The Seven Habits of Highly Effective People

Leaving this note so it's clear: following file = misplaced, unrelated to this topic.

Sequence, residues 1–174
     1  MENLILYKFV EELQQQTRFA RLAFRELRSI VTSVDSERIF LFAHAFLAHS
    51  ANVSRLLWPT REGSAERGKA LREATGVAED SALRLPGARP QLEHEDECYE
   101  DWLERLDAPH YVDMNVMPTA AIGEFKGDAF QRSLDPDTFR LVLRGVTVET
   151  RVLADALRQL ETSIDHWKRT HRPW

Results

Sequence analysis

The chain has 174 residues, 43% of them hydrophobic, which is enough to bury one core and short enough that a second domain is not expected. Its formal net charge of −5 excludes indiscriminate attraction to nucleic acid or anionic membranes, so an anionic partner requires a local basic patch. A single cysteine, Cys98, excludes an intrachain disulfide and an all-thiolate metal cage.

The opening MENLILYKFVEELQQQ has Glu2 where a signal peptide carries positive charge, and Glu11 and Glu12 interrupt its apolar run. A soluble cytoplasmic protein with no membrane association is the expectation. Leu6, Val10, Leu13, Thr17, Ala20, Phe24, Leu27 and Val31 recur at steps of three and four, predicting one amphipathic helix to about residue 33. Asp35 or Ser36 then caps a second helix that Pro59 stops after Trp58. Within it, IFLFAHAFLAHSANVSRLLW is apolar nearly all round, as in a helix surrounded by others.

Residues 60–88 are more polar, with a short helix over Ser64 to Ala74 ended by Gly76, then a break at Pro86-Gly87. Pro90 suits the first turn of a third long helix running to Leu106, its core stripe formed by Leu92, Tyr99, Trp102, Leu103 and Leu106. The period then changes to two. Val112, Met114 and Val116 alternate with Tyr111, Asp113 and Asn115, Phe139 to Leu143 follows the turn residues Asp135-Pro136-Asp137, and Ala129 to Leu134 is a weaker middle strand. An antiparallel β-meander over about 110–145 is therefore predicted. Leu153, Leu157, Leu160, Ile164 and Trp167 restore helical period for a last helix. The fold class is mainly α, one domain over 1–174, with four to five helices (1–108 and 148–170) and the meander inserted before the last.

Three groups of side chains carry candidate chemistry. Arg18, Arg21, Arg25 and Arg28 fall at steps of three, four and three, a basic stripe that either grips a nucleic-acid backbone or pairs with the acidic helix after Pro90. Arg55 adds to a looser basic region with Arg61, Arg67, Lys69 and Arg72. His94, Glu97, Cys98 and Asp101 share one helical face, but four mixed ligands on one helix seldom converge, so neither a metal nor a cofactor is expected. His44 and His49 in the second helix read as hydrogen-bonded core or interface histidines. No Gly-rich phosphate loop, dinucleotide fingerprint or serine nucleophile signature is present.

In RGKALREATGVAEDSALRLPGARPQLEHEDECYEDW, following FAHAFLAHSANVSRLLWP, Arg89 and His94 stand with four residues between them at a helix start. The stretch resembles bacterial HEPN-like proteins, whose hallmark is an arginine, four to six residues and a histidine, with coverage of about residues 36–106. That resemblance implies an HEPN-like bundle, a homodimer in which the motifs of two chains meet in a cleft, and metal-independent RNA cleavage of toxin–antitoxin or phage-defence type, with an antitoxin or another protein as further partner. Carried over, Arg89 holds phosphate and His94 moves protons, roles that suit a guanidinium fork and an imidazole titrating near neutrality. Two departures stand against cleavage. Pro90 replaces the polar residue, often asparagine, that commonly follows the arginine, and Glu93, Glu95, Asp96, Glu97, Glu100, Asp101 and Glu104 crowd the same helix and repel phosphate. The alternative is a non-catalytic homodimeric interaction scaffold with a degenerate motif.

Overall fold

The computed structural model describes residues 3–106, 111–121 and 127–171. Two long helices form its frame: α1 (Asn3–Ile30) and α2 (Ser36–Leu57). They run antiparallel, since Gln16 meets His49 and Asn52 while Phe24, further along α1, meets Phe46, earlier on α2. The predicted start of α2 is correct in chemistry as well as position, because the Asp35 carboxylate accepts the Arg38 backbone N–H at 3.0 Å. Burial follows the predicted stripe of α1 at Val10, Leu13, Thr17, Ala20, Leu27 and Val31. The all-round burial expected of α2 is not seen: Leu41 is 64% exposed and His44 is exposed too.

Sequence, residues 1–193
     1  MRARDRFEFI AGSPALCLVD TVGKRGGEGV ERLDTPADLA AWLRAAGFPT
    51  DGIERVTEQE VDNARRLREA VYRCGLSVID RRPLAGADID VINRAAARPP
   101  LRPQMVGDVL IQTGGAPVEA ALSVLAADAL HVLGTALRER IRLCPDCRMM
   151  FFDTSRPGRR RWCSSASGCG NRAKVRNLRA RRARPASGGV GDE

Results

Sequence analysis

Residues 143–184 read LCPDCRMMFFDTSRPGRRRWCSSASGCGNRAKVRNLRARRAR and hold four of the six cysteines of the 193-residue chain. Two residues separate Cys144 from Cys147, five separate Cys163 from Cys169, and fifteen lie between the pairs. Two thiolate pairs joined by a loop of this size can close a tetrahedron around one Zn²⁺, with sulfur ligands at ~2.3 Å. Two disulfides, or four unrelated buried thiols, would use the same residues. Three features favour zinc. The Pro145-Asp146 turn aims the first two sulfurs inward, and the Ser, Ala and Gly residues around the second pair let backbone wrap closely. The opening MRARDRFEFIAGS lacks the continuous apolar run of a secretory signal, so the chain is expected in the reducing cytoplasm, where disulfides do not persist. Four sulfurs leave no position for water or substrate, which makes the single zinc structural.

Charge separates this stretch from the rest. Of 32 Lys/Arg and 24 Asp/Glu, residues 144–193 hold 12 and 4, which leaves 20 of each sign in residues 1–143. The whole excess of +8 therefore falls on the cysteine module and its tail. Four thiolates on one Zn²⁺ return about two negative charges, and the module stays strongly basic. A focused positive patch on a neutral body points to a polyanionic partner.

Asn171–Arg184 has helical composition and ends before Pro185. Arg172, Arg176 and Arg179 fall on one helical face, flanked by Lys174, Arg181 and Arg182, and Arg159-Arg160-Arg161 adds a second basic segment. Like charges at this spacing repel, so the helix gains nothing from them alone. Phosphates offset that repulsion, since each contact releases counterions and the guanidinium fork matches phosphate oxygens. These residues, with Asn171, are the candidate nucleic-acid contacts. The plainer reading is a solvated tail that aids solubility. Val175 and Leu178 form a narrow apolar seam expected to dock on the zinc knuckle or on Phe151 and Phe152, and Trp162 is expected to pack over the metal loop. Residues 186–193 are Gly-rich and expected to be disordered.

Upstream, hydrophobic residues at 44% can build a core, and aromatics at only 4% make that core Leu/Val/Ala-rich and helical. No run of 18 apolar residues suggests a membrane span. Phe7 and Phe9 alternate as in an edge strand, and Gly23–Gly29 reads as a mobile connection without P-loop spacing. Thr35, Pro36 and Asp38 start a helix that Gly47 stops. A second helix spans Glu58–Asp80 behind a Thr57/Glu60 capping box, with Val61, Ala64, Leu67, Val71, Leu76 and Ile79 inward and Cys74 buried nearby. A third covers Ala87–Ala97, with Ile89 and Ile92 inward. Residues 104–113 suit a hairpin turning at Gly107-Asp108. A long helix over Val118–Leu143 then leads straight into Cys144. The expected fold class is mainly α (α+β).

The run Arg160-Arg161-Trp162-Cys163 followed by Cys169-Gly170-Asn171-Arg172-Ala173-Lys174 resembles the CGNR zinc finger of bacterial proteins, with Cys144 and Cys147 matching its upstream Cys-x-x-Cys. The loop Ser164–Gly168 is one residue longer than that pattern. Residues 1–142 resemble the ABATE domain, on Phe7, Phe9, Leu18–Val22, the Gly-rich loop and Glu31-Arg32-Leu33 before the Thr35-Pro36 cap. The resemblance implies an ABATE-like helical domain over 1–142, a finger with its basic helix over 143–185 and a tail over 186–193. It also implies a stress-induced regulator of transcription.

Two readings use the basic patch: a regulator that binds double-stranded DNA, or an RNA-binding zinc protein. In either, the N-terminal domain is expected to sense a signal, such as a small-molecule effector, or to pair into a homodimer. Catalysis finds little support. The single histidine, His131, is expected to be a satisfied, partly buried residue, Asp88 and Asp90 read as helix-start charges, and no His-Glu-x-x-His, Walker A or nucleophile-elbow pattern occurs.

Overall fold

When facing a problem, human nature looks for a “quick fix.” Whether it is the latest diet fad or a get rich scheme, almost all “quick fixes” produce the same short-lived results and often no results at all. As a society, we are drawn to the appeal of a quick and easy route which leads to immediate results. We have grown accustomed to an easy lifestyle that uses superficial tactics when interacting with others. The problem with these quick fixes is that they deceive us into believing it is possible to avoid going through the natural process of work and growth, an essential process in order to change. These quick solutions not only try to cheat the system, but also cause us to lose touch with our inner values. In The Seven Habits of Highly Effective People, Steven Covey addresses this issue by using universal principles to demonstrate how important work and growth are to achieving success. The title of this book is somewhat deceiving as it may seem a step-by-step guide about how a person can be successful in business. However, it is not and there is no such manual. This book is about changing one’s life not by adopting superficial tactics, but about adopting real, meaningful values and principles and applying them to all aspects in one’s life. Covey begins the book by discussing his rational for writing the book. He talks about the importance of applying our fundamental principles as opposed to trying to get by with superficial tactics. Reading this chapter I remembered my dad telling me something similar to Covey’s ideas. After blowing up what should have been a small argument with my sister, my father came up to me and tried to explain that if I continued to act in such a way that I would never be successful, especially if I wanted to pursue business. I then told him that I doubted I would ever talk to my future boss or co-workers the same way I talk to my ten year old sister. He then said, “The way you act toward your friends and family won’t change all of a sudden when you get a job; it is who you are. You can’t just walk into a job and expect that you will all of a sudden transform into another person; eventually your true personality will resurface.” At the time, I did not quite grasp what my father was trying to tell me, but after reading this book, I began to understand that we all have unchanging principles that govern our behavior and define who we are. Covey says, “Principles are independent of us. They operate regardless of our awareness of them, acceptance of them, liking of them, belief in them, or obeying them” (Covey 322). From this, I have learned that if I want to try to change, I need to first look deep within myself and focus on my values and principles. The first habit discussed in this book, “Being Proactive,” is a fundamental part of being able to analyze situations in order to make sound decisions. This is something I continually struggle with each day. The significance of this habit is that we as human beings are in control of our own lives. It is up to us as individuals to make our own decisions and choices and to not let our environment control us. As Covey says, “Our behavior is a function of our decisions, not our conditions” (71). I think this habit is one of the most important qualities a human being should possess because it allows us to make the best out of any situation we are given. For me, this habit is most difficult because I become frustrated easily when situations are difficult. It is especially hard for me to step aside and try to find alternatives. My goal to become more proactive is to start acting like a participant rather than a victim of my environment. If I can truly internalize this habit and apply it to my daily life, it will benefit me as a future business woman and enable me to take on anything that life throws my way. This habit of being proactive is one of the many reasons why I admire my older brother. After...
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